Orca dreams

Lost without a pod in Puget Sound.

ORPHAN ORCA A-73, or as I like to think of her, "Vashonita," is with me again today. She hangs out between West Seattle and Vashon Island somewhere underneath my consciousness. I board the ferry and hoist my binoculars. There she is, smack dab in the middle of her customary three-mile radius.

The biologist from the National Marine Fisheries Service tells me this is one of her good days. A scientific-looking guy from an aquarium is next to me. A couple from Snohomish want to borrow my binoculars. A blond guy in a SeaWorld baseball cap is drinking a latte. Over there, the Coast Guard cutter is circling.

I came because I've been dreaming:

I'm swimming. A whole pod is talking to me at the same time. I cannot translate snorts, whistles, and moans. The language is unfamiliar. But I get the gist. They tell me to get lost. I'm not of their pod. And they leave me in a place with a lot of wacky traffic.

I feel hungry. I'm craving salmon. Fresh salmon with dill sauce. I suppose salmon with lemon would work. Half a salmon? OK. I'll settle for a herring.

I can't help but notice my rash. It itches, but I can't reach it. I need a Seaweed Soother toxin-release treatment from my day spa. I feel the polychlorinated biphenyls bubbling up inside me, and I'm worried about my breath. No one has actually complained, but I suspect I may smell a bit like nail polish remover when I yawn. I pray it's simply my winter blubber burning off. Note to self: must somehow scrape tongue today.

Parasites have attached themselves to me and are feasting. Not many—just one or two are around. I must be wary. Keep up my guard. They show up at 6 o'clock and occasionally on Sunday. I can't purge the ones I have, but with vigilance, I might ward off the others.

I'm not a loner. My lifestyle is not by choice. I yearn daily for my birth pod.

But I've changed a lot since they last knew me, and I'm not sure they'll accept me—even if I could find them. They might mock me. Swim circles around me. Tell me I sound funny. Ask me where the heck I've been. Inform me there is someone new. I know Grandma would do her best to look after me. But she's one old dame. She would never cross the pod. Granny is not a boat rocker.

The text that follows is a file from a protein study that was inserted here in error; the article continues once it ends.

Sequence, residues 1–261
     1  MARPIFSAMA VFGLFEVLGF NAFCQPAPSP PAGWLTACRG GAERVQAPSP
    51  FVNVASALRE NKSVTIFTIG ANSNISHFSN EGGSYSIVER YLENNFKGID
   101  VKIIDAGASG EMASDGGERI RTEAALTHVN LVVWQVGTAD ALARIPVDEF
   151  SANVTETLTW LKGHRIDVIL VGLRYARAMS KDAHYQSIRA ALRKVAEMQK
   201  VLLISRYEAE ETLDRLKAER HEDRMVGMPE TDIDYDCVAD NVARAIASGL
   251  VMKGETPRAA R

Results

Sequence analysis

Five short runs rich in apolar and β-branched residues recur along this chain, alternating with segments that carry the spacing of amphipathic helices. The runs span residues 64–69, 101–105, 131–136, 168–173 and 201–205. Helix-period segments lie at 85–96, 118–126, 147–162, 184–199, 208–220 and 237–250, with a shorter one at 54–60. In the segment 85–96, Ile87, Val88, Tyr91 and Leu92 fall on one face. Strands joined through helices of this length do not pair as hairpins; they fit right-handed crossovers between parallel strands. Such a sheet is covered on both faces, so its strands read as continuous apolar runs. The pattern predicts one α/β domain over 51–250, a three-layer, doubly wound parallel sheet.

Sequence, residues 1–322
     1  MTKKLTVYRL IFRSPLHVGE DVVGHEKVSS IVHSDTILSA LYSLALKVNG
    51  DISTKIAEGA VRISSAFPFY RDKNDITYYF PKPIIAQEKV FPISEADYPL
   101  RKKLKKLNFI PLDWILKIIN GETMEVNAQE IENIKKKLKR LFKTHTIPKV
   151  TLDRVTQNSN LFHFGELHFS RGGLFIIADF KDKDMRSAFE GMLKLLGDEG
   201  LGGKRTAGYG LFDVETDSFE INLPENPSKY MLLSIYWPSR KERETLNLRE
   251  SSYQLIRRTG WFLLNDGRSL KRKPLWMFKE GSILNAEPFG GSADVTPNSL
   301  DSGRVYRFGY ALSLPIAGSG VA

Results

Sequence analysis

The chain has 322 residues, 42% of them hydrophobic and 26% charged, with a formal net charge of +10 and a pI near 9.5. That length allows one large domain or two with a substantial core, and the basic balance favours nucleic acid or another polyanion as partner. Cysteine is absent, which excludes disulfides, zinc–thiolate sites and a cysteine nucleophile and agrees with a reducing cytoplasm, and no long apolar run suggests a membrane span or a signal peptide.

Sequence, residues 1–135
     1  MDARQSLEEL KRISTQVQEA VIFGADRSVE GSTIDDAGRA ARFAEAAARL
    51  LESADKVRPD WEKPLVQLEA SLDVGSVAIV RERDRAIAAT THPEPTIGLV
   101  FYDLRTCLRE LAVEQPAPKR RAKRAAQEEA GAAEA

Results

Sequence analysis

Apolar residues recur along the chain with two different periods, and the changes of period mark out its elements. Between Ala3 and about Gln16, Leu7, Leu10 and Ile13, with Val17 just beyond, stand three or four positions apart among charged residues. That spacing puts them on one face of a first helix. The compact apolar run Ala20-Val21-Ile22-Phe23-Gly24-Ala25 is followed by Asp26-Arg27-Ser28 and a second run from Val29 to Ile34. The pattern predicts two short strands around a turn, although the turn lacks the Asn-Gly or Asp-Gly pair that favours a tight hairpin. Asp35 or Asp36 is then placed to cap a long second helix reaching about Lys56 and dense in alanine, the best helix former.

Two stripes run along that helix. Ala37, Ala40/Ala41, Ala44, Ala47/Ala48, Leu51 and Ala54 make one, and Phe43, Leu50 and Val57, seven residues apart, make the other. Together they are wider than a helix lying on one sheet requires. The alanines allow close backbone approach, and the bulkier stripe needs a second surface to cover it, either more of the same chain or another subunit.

Life in Puget Sound is kind of dirty. You should see the things that float by. I admit I wouldn't mind a little visit to California. It's that time of year. I want to float lazily, buoyed in warm water as I soak up some rays, and eat the killer snacks proffered to me. To be honest, I'm not too good at preparing my own meals. I would absolutely prefer to have dinner presented to me. A fillet is not necessary—just something living and edible. Tasty is a plus.

I also wouldn't mind having my head stroked. Maybe if I travel far enough south, I'll become a star.

Animals with hard bodies are stalking me. Noisy vibrating monster things and smooth paddling wood things. I run from them, but they pursue me. I think I am being followed.

I lost my mother. She knew she was going. She told me my circumstances would change. She told me the key to life is adaptation.

I miss Mom.

I have stress.

I want to go to school. Learn a new skill. Medicate my rash. Attract a fine-looking mate. Flourish in a nurturing, sustainable community of like-minded orcas. See a bit of life. Surmount halitosis. Show that old Canadian pod.

I have dreams and aspirations. I have potential. I have what it takes. I was born free, but I'm flexible.

I will survive, one way or the other.

info@seattleweekly.com

 
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